Low default rates. Consistent with ratings trends, municipal default rates remained low in 2023. There were 49 monetary defaults through November (See Figure 7). The monetary default rate is on track to be among the lowest since 2010. “Impairments,” which include non-monetary defaults like covenant violations and draws on bond insurance policies, comprise 1 percent of market par.17 This is in-line with recent years. The riskiest bonds in 2023 were again retirement care centers and industrial development bond financings. These nonessential sectors reported 15 and 11 defaults, respectively.

Market Risks

Notwithstanding the market’s strong near-term fundamentals, a turn in credit quality is possible in 2024 for the following reasons.

Muni “excess savings” may have peaked. National accounts data show that the state and local government sector has run surplus operations equal to 0.3 percent of gross domestic product (GDP) since 2020. This compares to an average deficit of 1 percent during the 2000 to 2019 period.18 The difference between these rates is a proxy for the muni sector’s “excess savings” since the pandemic. It can be analogized to the “excess savings” of the household sector over the same period.19 The data suggests that state and local governments’ multi-year run of strong budget performance is reaching a peak (See Figure 8). It also suggests, as we noted last year, that governance and management factors will increasingly influence the trajectory of state and local government credit quality and ratings.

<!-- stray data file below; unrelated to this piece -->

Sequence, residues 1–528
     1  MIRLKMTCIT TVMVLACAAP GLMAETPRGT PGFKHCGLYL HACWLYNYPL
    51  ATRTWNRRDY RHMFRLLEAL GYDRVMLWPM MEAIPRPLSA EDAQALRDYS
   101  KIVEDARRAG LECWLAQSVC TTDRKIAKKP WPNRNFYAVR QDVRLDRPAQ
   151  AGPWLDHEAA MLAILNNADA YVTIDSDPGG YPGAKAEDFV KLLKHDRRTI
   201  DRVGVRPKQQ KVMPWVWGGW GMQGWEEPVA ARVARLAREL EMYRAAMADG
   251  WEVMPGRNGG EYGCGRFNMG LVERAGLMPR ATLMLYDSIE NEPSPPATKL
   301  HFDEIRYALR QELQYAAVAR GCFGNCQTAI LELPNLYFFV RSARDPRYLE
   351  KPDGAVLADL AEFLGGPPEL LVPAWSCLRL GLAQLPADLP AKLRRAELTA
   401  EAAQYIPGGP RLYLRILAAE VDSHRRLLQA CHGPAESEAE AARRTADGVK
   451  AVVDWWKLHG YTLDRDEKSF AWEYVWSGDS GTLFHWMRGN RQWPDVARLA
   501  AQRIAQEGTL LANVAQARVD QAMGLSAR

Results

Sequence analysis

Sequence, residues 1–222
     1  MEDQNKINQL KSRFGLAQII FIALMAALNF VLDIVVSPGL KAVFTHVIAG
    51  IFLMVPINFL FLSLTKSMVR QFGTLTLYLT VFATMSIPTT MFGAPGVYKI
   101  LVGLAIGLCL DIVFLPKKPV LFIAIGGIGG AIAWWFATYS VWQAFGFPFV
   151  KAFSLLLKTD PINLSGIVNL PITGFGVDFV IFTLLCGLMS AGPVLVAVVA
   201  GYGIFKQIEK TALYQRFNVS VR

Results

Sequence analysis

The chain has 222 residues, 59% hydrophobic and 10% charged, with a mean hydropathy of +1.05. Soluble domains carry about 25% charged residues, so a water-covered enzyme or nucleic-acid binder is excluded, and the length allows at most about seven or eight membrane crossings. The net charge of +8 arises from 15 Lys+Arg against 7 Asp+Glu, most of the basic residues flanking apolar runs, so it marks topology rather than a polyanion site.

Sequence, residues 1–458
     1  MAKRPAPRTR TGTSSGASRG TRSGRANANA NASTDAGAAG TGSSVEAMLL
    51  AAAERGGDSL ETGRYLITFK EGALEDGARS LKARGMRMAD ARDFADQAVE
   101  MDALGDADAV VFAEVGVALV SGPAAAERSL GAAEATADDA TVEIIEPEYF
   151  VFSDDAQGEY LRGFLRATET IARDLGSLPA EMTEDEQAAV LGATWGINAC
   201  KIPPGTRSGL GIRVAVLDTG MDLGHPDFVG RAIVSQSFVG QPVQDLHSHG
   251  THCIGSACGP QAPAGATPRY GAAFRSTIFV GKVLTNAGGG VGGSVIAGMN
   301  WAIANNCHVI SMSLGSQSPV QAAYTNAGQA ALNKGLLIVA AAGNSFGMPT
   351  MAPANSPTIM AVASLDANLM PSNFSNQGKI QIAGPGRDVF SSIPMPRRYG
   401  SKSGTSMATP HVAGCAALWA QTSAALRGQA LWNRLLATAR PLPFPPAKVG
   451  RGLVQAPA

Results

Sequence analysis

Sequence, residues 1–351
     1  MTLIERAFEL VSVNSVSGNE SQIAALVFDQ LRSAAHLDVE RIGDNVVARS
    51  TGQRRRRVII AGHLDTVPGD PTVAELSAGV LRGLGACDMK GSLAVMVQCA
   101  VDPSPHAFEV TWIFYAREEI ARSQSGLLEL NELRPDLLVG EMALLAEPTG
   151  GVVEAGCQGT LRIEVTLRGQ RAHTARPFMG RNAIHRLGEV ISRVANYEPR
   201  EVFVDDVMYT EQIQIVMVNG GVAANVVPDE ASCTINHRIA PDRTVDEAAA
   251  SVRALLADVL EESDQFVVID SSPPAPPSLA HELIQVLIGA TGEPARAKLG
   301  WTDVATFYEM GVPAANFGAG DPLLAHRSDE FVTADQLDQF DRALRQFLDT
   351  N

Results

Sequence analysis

Some issuers are already beginning to report deficits. California officials anticipate $68 billion in deficits over the FY23 to FY25 period.20 New York City announced 5 percent across-the-board spending cuts to balance FY24 operations and expects a $7 billion deficit for next year.21 Chicago estimates a $500 million deficit for this year and a $700 million deficit for next year (FY25).22

These deficits and others stem from a mix of factors, including:

  • Wage pressure. Public sector wages have recovered more slowly from the pandemic than private sector wages (See Figure 9). This dynamic is now changing. Issuers are resetting expiring collective bargaining agreements with higher salaries.23 Labor costs typically comprise 43 percent of local operating expenditures.24

K-12 public schools seem particularly exposed. Public school employment remains below its pre-pandemic level while Covid-related learning loss has left districts with more spending needs (see: Is It Time To Go Back To School on K-12 Public School Credit Fundamentals?).25

Issuers with public safety needs are also vulnerable to unexpectedly high growth in salaries. Public safety positions have been very hard to fill in recent years. Public safety employment declined in several of the Nation’s largest cities from 2019 to 2022 (See Figure 10).

  • Slowing revenue and (potentially slower) economic growth. State and local tax revenue from the “big four” tax sources (personal and corporate income, sales, and property) fell by 0.7 percent in real terms from 3Q22 to 3Q-23.26 The decline reflects one-time pandemic inflation in 2022 related to elevated goods prices and wages. However, the revenue base in many states has also shrunk. Twenty-five (25) states financed income tax cuts using the temporary revenue boost from the Covid-era.27